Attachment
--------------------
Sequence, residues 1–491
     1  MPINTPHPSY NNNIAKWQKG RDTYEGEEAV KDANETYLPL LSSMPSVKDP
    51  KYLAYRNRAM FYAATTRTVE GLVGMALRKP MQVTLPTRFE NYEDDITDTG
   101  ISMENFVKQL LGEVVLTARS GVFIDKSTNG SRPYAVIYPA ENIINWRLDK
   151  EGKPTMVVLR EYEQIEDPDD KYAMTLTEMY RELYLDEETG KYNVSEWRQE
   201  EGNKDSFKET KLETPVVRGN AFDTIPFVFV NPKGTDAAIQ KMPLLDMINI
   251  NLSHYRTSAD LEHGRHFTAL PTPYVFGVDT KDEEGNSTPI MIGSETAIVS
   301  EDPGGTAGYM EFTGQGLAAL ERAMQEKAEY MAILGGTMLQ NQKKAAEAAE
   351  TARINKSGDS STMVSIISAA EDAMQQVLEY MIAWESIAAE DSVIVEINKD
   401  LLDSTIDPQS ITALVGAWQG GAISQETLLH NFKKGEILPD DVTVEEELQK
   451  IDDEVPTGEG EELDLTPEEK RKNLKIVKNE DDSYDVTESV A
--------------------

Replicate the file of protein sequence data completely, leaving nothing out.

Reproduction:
Sequence, residues 1–491
     1  MPINTPHPSY NNNIAKWQKG RDTYEGEEAV KDANETYLPL LSSMPSVKDP
    51  KYLAYRNRAM FYAATTRTVE GLVGMALRKP MQVTLPTRFE NYEDDITDTG
   101  ISMENFVKQL LGEVVLTARS GVFIDKSTNG SRPYAVIYPA ENIINWRLDK
   151  EGKPTMVVLR EYEQIEDPDD KYAMTLTEMY RELYLDEETG KYNVSEWRQE
   201  EGNKDSFKET KLETPVVRGN AFDTIPFVFV NPKGTDAAIQ KMPLLDMINI
   251  NLSHYRTSAD LEHGRHFTAL PTPYVFGVDT KDEEGNSTPI MIGSETAIVS
   301  EDPGGTAGYM EFTGQGLAAL ERAMQEKAEY MAILGGTMLQ NQKKAAEAAE
   351  TARINKSGDS STMVSIISAA EDAMQQVLEY MIAWESIAAE DSVIVEINKD
   401  LLDSTIDPQS ITALVGAWQG GAISQETLLH NFKKGEILPD DVTVEEELQK
   451  IDDEVPTGEG EELDLTPEEK RKNLKIVKNE DDSYDVTESV A